I haven’t seen anyone address this specific issue, but I’d be interested in hearing more about it…. What’s the deal?

The answer here, I believe, is quite simply that in the modern era since 1983, consumer inflation more than anything else is about the price of gas. Let me show you why.

First, here’s the relationship that is the subject of Drum’s query: wages for non-supervisory workers (blue) vs. consumer inflation (red) YoY:

Overall inflation has been more variable than Drum’s summary indicates, but it is fair to say that during the 90’s and 00’s it averaged roughly between 1.5%-4% regardless of wage growth. During the present expansion,


Comments (2) | |

Weekly Indicators for December 23 – 27 at Seeking Alpha

by New Deal democrat

Weekly Indicators for December 23 – 27 at Seeking Alpha

My last Weekly Indicators post of the year is up at Seeking Alpha.

The producer side of the economy seems to be worsening, while initial jobless claims suggest some weakness is spreading over to the consumer side.

As usual, clicking over and reading helps reward me a little bit for the effort I put in.

Comments Off on Weekly Indicators for December 23 – 27 at Seeking Alpha | |

The Unreasonableness Of The Policy Defense Of Trump

The Unreasonableness Of The Policy Defense Of Trump

In today’s (12/27/19) Washington Post, regular Trump defender, Mark A. Thiessen published a column, “The 10 best things Trump did in 2019”  This turns out to be mostly things either not worth defending or Thiessen, who simply never criticizes Trump, misrepresenting situations.  Here they are.

10. “He continued to deliver for the forgotten Americans.”  This amounts to unemployment continuing to decline, wages beginning to rise, and supposedly 57 percent of Americans saying they are better off since he became president.  Yes, this by and large happened, but amounts to Trump managing to having avoided derailing the expansion he inherited from Obama.  The problem is that he enacted many policies that have hurt the poor and redistributed money to the rich.  They would have been even better off without his policies.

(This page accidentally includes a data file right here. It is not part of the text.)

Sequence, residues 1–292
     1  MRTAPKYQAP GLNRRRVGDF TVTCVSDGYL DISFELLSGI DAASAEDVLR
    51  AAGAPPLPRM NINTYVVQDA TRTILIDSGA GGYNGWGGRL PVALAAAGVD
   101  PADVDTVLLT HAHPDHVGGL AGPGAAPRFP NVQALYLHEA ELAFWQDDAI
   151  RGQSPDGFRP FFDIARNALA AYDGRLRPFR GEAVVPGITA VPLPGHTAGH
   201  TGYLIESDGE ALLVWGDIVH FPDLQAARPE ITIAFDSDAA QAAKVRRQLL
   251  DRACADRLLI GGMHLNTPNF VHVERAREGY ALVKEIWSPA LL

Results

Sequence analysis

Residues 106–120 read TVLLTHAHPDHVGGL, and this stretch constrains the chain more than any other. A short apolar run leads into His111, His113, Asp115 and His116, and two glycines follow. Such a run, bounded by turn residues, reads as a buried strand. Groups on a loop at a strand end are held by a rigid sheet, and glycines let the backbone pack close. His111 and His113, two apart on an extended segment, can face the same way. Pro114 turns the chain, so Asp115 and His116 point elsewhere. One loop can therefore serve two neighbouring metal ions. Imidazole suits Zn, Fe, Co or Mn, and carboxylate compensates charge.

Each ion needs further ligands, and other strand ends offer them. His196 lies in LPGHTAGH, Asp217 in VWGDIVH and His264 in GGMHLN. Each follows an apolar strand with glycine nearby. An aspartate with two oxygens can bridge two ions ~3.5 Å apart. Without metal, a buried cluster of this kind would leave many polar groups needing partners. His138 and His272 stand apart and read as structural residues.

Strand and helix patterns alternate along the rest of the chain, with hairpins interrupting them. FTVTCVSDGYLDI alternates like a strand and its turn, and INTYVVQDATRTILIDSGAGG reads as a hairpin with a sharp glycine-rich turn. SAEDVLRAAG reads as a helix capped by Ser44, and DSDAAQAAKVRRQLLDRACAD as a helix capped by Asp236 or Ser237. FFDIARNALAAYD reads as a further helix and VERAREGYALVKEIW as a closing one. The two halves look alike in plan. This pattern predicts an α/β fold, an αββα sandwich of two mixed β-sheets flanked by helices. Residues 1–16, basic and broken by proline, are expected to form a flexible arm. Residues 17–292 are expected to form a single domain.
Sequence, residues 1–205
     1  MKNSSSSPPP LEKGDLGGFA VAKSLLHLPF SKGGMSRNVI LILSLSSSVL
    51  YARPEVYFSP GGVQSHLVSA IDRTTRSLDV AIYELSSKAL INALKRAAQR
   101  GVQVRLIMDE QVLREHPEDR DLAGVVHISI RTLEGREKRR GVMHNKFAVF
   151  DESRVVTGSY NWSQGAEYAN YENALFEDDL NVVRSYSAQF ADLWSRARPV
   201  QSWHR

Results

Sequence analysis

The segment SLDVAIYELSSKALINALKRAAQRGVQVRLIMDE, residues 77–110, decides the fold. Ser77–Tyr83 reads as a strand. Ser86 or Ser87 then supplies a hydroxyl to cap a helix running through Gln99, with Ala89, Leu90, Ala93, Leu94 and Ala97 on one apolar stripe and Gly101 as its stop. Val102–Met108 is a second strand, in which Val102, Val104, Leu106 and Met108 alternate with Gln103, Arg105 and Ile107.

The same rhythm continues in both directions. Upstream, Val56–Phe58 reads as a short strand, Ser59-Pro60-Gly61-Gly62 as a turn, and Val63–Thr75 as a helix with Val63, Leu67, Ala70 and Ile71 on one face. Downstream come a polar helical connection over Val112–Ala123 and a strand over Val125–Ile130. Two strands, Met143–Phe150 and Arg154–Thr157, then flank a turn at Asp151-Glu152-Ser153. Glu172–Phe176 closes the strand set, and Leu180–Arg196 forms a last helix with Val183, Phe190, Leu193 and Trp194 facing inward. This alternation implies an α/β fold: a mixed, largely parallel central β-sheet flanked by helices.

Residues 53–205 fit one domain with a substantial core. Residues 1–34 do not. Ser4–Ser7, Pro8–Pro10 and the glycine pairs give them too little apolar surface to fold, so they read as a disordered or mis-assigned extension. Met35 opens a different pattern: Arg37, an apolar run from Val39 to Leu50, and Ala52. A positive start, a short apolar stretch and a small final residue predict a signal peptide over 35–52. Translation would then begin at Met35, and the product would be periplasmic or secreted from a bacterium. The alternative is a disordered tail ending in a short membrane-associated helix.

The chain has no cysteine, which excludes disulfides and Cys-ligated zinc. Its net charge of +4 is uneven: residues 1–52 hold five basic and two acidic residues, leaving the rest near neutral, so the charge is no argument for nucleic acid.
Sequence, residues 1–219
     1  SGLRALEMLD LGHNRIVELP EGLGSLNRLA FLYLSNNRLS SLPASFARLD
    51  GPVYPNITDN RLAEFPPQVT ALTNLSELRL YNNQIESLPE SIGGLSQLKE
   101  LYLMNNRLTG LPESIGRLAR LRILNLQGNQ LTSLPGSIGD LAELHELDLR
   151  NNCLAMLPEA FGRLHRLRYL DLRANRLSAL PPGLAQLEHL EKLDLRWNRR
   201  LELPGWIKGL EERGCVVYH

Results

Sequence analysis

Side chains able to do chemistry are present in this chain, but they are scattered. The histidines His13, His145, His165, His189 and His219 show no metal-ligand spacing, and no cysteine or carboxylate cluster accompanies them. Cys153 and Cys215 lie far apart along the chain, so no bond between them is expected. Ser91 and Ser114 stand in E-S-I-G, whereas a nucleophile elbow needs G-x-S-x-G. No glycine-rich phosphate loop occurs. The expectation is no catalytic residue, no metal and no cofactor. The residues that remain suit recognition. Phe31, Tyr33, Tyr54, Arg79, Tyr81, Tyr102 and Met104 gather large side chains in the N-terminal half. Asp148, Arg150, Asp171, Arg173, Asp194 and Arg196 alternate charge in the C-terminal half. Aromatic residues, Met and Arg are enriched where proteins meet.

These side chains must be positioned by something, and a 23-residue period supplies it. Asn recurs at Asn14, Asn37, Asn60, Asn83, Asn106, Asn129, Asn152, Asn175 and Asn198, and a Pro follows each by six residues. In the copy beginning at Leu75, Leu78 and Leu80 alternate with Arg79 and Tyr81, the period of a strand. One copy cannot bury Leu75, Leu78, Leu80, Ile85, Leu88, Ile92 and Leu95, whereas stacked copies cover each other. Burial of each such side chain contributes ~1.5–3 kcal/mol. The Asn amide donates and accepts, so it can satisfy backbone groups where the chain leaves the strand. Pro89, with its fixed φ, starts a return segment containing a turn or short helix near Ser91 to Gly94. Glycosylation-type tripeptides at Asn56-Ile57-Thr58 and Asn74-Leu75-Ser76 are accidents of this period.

9. “He implemented tighter work requirements for food stamps.”  Yikes, more of his helping “forgotten Americans.”  This was the amazingly Scroogeish policy of dumping people from getting food stamps just as the holiday season arrived, probably part of the “War on Christmas.”  This supposedly to help the “dignity and pride” of the poor.  Sure, Scrooge himself could not put it better.

8. “He has gotten NATO allies to cough up more money for our collective security.”  I guess the outcome here is not a bad thing, per se, although the amounts of  money involved are not all that big.  But this has been the only thing he has done regarding NATO, managing to alienate most of the leading nations in NATO, with him raising serious doubts regarding whether he would actually defend a nation that might be attacked by Russia.  Their attitude is best seen by the bunch of leaders mocking him on tape at the last NATO meeting.  They hate his guts and disrespect him.

Comments (13) | |